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Nutrition for Fructose Malabsorption

by
author image Aglaee Jacob
Aglaee Jacob is a registered dietitian. She has experience working with people who have diabetes, cardiovascular disease, hypertension and obesity issues. Jacob obtained a bachelor of science and a master of science, both in nutrition, from Laval University in Quebec City, Canada.
Nutrition for Fructose Malabsorption
A bowl of fruit salad on a wooden table. Photo Credit icetocker/iStock/Getty Images

If you have fructose malabsorption, you need to avoid some healthy fruits as well as some sugars and sweetened processed foods and drinks to avoid suffering from abdominal bloating, pain, flatulence, diarrhea or constipation. Fructose malabsorption is often accompanied by intolerances to some types of short-chain carbohydrates, including polyols, fructans, lactose and galactans, which can further restrict your food choices. Whether you have only fructose malabsorption or malabsorb all types of short-chain carbohydrates, you can get all the nutrition you need to stay healthy while controlling your symptoms.

Fruits

To prevent the uncomfortable side effects of eating fructose if you have fructose malabsorption, stay away from pears, apples, cherries, mangoes and all types of dried fruits and fruit juices. Some fruits, such as watermelon, blackberries, peaches, nectarines, apricots and lychees, have a low fructose content but contain other short-chain carbohydrates that are problematic for some people with fructose malabsorption. Stick with blueberries, strawberries, tangelo, oranges, grapefruit, banana and kiwifruit to get the healthy nutrients found in fruits without side effects.

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Vegetables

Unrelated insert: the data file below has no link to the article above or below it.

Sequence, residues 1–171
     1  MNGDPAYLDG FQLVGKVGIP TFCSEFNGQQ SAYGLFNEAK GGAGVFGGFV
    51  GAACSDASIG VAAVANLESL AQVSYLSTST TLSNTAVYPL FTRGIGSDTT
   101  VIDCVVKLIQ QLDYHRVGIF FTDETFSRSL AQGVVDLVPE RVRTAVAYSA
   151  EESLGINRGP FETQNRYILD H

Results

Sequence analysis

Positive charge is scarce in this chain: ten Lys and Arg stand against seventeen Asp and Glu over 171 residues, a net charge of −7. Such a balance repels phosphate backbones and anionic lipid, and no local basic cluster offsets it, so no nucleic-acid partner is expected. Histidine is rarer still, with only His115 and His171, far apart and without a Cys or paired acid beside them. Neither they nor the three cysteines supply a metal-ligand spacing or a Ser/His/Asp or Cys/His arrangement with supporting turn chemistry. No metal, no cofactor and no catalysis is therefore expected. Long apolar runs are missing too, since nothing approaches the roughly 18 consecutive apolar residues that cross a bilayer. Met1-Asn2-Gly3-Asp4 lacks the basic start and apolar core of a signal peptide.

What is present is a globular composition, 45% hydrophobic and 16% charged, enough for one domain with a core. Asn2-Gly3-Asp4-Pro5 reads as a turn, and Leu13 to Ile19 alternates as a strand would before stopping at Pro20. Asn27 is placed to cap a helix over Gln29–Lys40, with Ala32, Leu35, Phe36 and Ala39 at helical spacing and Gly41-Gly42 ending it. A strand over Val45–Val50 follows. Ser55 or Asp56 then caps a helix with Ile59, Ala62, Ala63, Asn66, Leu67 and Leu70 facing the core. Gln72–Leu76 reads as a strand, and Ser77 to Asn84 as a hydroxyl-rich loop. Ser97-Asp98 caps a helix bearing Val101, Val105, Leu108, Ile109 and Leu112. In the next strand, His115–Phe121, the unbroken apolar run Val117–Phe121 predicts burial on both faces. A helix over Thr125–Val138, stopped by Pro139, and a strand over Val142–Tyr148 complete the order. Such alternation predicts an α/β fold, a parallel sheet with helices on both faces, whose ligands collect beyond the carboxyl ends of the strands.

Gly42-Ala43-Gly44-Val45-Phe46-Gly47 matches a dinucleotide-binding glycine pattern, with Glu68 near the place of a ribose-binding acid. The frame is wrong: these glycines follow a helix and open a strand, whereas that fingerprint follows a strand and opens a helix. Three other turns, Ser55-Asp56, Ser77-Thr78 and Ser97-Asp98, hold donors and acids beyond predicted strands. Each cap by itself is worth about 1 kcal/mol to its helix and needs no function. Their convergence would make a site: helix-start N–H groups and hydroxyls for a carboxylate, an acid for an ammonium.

A few vegetables contain higher fructose levels, including asparagus, artichoke and sugar snap peas. Fructan-containing vegetables, such as onion, garlic, cabbage, broccoli and Brussels sprouts, as well as polyol-containing vegetables, such as cauliflower, mushroom and avocado, may also pose digestive problems in sensitive people. You can obtain the fiber and nutrients your body needs from lettuce, green beans, carrots, bean sprouts, cucumber, zucchini and winter squashes.

Protein and Fat

Foods that are rich in protein and fat are safe for people with fructose malabsorption because they do not contain short-chain carbohydrates, unless sugar, wheat, fresh onion or onion powder on other problematic ingredients are added in their processing. Stick to plain chicken, turkey, fish, seafood, pork, beef and eggs. Prepare and cook them yourself with the ingredients you tolerate. You can also get healthy fats from olive oil, coconut oil and butter. You can experiment with different types of unseasoned nut and natural nut butters, such as macadamia, walnuts and natural almond butter, as tolerance varies between individuals.

Grains and Legumes

Avoid grain products processed with high-fructose fruits or high-fructose sweeteners, which include high-fructose corn syrup and honey. Wheat and rye are also rich sources of fructans, while legumes, including beans and lentils, contain galactans. Some people with fructose malabsorption can tolerate fructans and galactans, but not everyone can. You can experiment with small amounts to see whether these foods trigger your symptoms. Replace these foods with safer grains, such as quinoa, oat flakes, rice and buckwheat and tubers, such as sweet potatoes and potatoes. These foods can provide you with the carbohydrates, fiber and other nutritious compounds your body requires.

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